"I do perform overseas whenever possible. At this point I travel to Europe, usually twice a year, spring and fall. I’ve been co-managing a small label based in Germany for the past years, which has also helped me build some in roads to the improvised music scene in Germany and Europe. My personal feeling is that things are certainly better in Europe for improvised music than in the States. Of course there are some of the same problems, limited venues, money, etc.

And over the years things have gotten more difficult economically speaking for sure but the public interest, curiosity, whatever you want to call it is certainly greater in Europe than in the U.S, from what I’ve experienced. In Europe the arts in general are held in a much higher regard. The local media is involved and there is usually decent press around an event. I also feel that European towns and cities take a certain amount of pride in keeping current with what’s happening, and support more interesting and unusual performances.

You see this sense of support reflected in the musicians as well. Sure everyone still has the same bitches and complaints as in the States but the overall enthusiasm for projects, collaborations and events is much greater and much more positive. I’ve been fortunate to have played some nice festivals and been treated like royalty, by my standards, in some situations. However, I usually come home just breaking even monetarily speaking, but certainly much more spiritually enriched from my experiences. These visits are essential to my musical psyche and creative determination."

How has technology and the way music circulates impacted your work?

"The computer has really changed things for the better for sure. At this point almost all of my opportunities have come from some type of communication via the Internet. The days of sending out press kits and making fifty phone calls for a gig are pretty much over. I also find the music writing software handy when developing projects and ensembles. Being able to send ideas for collaboration makes the projects much more cohesive and understandable."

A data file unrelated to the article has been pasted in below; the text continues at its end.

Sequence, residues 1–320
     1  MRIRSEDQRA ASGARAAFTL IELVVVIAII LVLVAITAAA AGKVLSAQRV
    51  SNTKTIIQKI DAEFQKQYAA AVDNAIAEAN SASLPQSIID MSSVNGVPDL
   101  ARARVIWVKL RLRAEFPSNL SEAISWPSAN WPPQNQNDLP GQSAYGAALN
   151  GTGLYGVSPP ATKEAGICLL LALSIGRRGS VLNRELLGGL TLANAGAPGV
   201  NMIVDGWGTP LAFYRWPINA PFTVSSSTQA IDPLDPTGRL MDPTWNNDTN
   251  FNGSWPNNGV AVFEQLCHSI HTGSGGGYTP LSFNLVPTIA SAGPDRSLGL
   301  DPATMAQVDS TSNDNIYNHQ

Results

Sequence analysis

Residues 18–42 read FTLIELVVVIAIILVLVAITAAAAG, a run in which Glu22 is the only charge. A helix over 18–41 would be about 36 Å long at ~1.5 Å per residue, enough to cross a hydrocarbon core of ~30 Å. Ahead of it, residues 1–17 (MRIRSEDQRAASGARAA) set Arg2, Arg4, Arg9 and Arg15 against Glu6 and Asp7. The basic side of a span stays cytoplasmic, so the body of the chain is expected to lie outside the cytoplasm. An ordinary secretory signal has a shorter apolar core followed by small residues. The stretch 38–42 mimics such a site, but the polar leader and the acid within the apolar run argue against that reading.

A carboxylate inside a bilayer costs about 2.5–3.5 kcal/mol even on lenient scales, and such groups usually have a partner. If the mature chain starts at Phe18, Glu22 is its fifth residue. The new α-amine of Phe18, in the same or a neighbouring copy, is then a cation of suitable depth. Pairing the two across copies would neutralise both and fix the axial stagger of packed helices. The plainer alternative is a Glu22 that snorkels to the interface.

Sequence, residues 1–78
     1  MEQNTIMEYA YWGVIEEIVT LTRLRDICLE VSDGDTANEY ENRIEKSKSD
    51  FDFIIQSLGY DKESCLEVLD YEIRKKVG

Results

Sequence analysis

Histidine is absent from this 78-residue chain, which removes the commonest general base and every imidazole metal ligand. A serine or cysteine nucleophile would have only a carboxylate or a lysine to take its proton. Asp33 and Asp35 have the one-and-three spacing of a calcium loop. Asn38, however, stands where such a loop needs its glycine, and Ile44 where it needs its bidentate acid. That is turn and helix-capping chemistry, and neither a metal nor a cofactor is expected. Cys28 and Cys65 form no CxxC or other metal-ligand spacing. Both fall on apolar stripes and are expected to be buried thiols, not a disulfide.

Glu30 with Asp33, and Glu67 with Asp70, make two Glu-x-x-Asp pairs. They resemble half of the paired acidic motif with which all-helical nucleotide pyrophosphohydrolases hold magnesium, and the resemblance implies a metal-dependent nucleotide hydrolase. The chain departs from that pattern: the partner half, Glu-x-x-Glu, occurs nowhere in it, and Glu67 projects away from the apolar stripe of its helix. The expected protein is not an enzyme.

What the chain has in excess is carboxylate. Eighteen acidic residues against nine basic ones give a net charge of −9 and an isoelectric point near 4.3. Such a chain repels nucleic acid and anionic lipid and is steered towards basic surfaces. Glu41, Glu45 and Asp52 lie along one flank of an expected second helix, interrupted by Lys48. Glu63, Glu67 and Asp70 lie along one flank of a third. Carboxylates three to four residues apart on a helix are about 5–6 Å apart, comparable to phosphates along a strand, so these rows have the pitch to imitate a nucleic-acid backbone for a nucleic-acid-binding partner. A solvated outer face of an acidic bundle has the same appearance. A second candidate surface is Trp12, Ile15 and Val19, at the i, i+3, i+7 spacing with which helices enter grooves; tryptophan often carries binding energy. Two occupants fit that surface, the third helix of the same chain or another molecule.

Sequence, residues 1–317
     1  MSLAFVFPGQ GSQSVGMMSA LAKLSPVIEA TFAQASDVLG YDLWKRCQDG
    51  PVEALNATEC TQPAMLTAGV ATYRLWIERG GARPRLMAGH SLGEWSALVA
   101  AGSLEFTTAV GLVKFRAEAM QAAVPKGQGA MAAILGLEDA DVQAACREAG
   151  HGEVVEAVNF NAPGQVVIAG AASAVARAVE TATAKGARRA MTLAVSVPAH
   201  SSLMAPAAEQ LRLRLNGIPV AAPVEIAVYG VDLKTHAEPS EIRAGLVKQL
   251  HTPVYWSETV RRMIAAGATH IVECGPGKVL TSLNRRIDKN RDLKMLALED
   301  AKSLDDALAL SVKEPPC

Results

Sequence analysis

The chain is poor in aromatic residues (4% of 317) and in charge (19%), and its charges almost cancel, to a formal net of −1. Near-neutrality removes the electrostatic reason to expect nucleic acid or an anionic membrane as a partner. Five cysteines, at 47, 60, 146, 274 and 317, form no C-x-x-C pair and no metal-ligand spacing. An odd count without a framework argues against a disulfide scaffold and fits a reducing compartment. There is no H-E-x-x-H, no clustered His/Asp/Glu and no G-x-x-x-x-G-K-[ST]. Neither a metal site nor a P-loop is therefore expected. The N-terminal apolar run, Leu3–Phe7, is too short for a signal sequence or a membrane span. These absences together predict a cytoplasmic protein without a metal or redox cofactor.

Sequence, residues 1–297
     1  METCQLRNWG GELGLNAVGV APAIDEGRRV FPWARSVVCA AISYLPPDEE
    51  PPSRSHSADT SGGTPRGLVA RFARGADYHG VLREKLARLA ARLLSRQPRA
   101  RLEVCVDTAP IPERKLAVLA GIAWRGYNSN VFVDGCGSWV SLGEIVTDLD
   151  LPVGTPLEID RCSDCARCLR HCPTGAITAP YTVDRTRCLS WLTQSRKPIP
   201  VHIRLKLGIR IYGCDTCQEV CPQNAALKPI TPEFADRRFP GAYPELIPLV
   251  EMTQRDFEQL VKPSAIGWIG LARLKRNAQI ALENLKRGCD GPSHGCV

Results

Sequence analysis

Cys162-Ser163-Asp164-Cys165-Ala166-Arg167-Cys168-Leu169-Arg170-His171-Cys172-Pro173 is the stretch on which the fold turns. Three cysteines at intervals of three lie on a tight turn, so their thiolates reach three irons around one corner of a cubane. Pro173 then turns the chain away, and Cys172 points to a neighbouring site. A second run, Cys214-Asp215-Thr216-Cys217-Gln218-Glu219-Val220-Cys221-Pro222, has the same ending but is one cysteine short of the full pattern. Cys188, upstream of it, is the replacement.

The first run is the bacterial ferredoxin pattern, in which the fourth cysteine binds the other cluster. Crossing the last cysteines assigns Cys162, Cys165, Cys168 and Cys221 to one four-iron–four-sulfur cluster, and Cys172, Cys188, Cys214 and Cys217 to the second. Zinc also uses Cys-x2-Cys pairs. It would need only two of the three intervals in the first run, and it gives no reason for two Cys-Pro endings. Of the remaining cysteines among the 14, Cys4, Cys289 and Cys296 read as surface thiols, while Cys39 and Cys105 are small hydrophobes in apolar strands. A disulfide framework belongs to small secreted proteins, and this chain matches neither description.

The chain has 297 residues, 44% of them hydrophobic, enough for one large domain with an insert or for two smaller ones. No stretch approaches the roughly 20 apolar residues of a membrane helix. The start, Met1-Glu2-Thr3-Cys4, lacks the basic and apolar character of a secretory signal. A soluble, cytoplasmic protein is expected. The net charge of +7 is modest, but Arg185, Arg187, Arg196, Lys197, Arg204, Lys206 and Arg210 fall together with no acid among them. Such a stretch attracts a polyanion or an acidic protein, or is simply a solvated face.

Describe your current and potential future projects and collaborations along with the things you would like to do.

"Currently I’ve just finished recording a new project with the amazing multi instrumentalist Daniel Carter. It’s a quartet recording with my trio partners Kit Demos on bass and John Mclellan on drums. I’m really excited with the results and look forward to the final product. I’m hoping to get the quartet to Europe sometime in the spring. It’s really been an eye opener working with Daniel, his outstanding ability and experience, I’m thankful to have this opportunity to work with him.

I will also be traveling to Europe in the fall. I’ve been invited to do a handful of gigs with the German group Walter Konigstadt duo that will also feature the Dutch bass player Meinrad Kneer. If all goes as planned we’ll be recording the group live for release at our final show in Hamburg with the great German recording engineer Tobias Levin. I will also be playing some gigs in Italy in the fall with pianist Alberto Braida and saxophonist Achille Succi."

Jeff will be performing at the Outpost with the majestic Daniel Carter and his ensemble on Friday, July 10th. You can also get his music at Skycap Records.